The application review process involves holistic evaluation, including fit with mission of the program as well as academic preparation and promise


Students in the Psychology Doctorate program


Consistent with APA Accreditation standards, the PsyD program curriculum emphasizes broad and general training in discipline-specific knowledge that informs health service psychology, such as the biological basis of behavior, social influences on behavior, history and philosophical systems of psychology, research and data analysis, cognitive/affective aspects of behavior, and psychological measurement.

Curriculum Overview


Program emphasis

The PsyD program emphasizes mastery of profession-wide competencies that are grounded in evidence-based practices in core professional activities, such as assessment, therapy, consultation, and supervision. Our curriculum grounds all coursework and supervised clinical practice in both the empiricism of psychology and ethical competence.


Students in the Psychology Doctorate program


Candidates admitted to the PsyD program will be involved actively in faculty research programs.

PsyD candidates will demonstrate mastery of psychological research through the completion of a dissertation. The dissertation requirement reflects the program’s commitment grounding professional psychological practice in the empirical science of psychology.

Training Clinic

Students in the Psychology Doctorate program


The PsyD program features an in-house training clinic, the McKee Psychological Services Center (McKee Clinic).

The McKee Clinic features multiple assessment and therapy rooms with two-way observation mirrors, state-of-the-art video capture technology, videoconference technology, a dedicated reception area, extensive library of testing materials, and dedicated student office space.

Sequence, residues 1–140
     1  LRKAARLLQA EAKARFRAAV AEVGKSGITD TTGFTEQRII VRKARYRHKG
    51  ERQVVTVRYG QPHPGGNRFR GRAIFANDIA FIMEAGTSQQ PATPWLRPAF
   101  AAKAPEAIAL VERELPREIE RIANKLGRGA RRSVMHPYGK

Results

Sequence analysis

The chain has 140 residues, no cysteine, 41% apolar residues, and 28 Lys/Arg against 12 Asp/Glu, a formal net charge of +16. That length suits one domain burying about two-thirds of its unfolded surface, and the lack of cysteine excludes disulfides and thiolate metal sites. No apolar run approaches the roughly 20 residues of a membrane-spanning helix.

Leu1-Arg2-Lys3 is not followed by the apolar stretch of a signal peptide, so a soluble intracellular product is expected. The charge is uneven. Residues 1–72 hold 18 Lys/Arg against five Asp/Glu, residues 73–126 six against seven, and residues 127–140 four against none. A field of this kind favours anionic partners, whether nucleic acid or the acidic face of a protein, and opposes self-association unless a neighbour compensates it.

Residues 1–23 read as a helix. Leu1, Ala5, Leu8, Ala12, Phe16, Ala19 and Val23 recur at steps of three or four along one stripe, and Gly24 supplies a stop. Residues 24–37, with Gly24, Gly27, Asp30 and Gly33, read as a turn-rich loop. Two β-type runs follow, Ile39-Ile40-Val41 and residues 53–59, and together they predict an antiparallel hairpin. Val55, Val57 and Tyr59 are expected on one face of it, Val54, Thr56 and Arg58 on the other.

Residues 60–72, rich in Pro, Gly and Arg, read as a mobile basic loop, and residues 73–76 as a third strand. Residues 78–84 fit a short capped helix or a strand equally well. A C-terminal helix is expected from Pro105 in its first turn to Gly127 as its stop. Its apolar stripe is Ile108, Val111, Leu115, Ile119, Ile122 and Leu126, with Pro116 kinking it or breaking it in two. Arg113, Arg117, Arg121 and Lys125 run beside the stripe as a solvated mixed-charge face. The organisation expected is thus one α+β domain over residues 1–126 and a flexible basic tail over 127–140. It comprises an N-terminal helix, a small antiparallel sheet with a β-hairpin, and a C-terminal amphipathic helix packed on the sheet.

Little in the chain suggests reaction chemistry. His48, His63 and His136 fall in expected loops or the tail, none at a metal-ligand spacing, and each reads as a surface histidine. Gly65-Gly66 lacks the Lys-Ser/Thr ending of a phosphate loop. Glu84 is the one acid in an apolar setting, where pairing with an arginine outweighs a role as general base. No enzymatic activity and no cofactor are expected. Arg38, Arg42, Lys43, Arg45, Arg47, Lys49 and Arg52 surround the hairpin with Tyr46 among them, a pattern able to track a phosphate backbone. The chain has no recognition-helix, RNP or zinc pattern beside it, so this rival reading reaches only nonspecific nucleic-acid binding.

Candidates will complete advanced practicum training under supervision from licensed psychologists in various settings.

The PsyD program has established contacts with the Western Carolina University Counseling and Psychological Services (CAPS) center, the TEACCH Asheville Center, the Charles George VA Hospital in Asheville, Meridian Behavioral Health, and local school districts, among other practicum training sites.



The PsyD is supported by 11 core faculty members representing clinical and school psychology specializations with wide-ranging research interests and clinical expertise. Four faculty members are licensed psychologists.

The PsyD program is further supported by departmental faculty members with expertise in cognitive, experimental, educational, developmental, and social psychology.

Explore our faculty and their research below: 

L. Alvin Malesky, Jr., Ph.D., Department Head - Psychology; Forensic Psychology

Kia Asberg, Ph.D., Director - Master of Clinical Psychology; Clinical Psychology

Jon Campbell, Ph.D., Director - Doctor of Psychology

Candace Boan-Lenzo, Ph.D., Director - Master of School Psychology; School Psychology

David de Jong, Ph.D.; Social Psychology

Tom Ford, Ph.D.; Social Psychology

Winford Gordon, Ph.D.; Experimental Psychology

Bruce Henderson, Ph.D.; Developmental Psychology

Al Kopak, Ph.D.;

David McCord, Ph.D.; Clinical Psychology

Matt Meier, Ph.D., Cognitive Psychology

Erin Myers, Ph.D.; Social-Personality Psychology

Mickey Randolph, Ph.D.; School Psychology

Nathan Roth, Ph.D., Director – McKee Assessment and Psychological Services Clinic

David Scales; Experimental Psychology

Ethan Schilling, Ph.D.; School Psychology

David Solomon, Ph.D., Director – Clinical Psychology

Jamie Vaske;

Lori Unruh, Ph.D.; School Psychology